When we look at politics, for example, it’s actually the left side of the political aisle that has a broader view of each situation, while avoiding some of the details, like how to pay for the good they want to do. Whereas the right side of the aisle is so concerned with the way to pay for any item, that they hold back on fulfilling the need for those items. So the left side of the political community is reacting more from the right side of the brain and the right side of the political aisle is reacting more from the left side of the brain! And this creates a conflict that paralyzes the ability to take any action that can move us forward into a brighter future.

Other than having everyone sit in a design class to expand their corpus callosum, we need to see what we’re all doing to each other as we take sides in this tug of war between left and right.

The ten sephirot teach us that we have to coordinate all the various aspects of our mind and heart so that we can come into balance from within our own self. When we’re able to coordinate and balance our individual sense of being, our thinking can come into harmony with the flow of greater goodness that’s in the world. In Judaism we speak of this as Divine consciousness, because this can make our experience of life feel divine.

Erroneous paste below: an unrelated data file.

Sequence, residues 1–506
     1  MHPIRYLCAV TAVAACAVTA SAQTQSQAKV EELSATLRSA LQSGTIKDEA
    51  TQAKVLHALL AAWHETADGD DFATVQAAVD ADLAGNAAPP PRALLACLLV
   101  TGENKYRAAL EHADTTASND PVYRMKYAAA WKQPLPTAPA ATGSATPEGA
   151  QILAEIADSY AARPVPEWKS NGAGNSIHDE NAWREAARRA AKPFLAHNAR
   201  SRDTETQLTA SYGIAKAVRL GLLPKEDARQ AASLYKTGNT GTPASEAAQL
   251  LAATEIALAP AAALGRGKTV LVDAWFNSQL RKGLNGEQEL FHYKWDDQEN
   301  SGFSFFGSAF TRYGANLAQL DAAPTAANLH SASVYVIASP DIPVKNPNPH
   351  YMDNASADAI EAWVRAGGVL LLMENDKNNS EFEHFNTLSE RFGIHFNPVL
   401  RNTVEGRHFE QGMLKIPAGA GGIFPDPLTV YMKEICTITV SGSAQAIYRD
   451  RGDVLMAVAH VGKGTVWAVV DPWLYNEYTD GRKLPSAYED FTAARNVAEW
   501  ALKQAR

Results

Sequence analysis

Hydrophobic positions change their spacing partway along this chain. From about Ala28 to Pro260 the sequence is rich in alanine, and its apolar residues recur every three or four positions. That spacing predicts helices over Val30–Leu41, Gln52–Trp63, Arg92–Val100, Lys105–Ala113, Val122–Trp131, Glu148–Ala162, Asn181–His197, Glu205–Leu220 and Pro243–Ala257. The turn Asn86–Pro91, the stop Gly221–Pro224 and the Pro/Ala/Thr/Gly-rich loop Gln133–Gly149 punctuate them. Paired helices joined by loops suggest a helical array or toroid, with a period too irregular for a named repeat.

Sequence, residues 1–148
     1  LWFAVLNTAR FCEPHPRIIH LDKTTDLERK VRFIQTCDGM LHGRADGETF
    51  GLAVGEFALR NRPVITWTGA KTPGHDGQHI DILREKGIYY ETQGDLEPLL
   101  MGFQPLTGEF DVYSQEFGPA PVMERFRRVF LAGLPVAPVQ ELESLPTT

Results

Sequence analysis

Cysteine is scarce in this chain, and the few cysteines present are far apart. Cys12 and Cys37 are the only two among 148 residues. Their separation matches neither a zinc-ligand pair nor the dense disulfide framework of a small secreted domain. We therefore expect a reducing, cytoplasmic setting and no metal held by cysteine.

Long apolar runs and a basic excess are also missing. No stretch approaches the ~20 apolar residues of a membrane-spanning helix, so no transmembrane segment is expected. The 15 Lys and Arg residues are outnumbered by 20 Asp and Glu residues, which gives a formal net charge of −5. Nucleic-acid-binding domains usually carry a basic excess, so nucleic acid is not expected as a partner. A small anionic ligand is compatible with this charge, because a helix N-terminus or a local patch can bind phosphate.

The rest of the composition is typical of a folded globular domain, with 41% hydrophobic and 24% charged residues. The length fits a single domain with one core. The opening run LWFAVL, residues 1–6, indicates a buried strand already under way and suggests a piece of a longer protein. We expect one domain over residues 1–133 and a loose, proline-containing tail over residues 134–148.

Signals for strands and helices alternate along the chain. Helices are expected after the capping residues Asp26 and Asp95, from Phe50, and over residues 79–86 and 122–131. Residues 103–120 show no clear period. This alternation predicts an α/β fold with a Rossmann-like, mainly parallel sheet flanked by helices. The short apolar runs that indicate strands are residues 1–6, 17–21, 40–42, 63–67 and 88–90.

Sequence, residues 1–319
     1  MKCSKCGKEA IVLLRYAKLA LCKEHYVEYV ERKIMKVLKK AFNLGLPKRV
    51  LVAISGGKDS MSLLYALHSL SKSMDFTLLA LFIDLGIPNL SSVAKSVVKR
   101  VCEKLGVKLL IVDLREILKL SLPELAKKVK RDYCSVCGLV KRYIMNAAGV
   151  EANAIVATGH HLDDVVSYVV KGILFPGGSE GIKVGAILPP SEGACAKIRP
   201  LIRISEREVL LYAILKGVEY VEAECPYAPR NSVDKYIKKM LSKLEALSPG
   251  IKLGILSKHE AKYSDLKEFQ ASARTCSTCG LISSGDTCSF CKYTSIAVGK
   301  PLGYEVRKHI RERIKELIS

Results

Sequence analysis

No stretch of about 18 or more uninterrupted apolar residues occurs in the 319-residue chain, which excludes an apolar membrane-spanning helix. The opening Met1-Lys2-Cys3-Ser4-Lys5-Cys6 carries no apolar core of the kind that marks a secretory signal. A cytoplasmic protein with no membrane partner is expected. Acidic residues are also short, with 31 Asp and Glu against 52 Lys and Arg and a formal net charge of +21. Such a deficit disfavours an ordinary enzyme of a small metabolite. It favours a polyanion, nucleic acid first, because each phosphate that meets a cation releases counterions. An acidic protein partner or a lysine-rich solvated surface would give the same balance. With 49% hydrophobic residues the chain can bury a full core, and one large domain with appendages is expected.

Join us as we discuss some of the teachings from our sages about balancing the sephirot in our lives, and follow with a short, silent meditation on the Shema.

Date: Saturday, June 21st
Time: 6.45 pm. (Before Mincha)
Location: HIR

Practicing self-analysis

This is the time when practicing Judaism is a little bit like going into therapy. What we’ve been given is a specific project for seven weeks, when we’re instructed to reach inward to analyze the deeper aspects of our own mind. According to Rabbi Dov Ber Pinson, the Counting of the Omer is the time when we are “unifying our internal reality.”

This means we’re being given the time to come into the oneness of our own being, to disentangle the complexities in our mind so that everything about us can become clearer and more understandable. Materially, this can mean removing excess baggage, by throwing out old papers, or old pairs of shoes. Psychologically, it can mean finding humility, which is the sephira for the coming week, by becoming more aware that we are each an individual part of a greater oneness.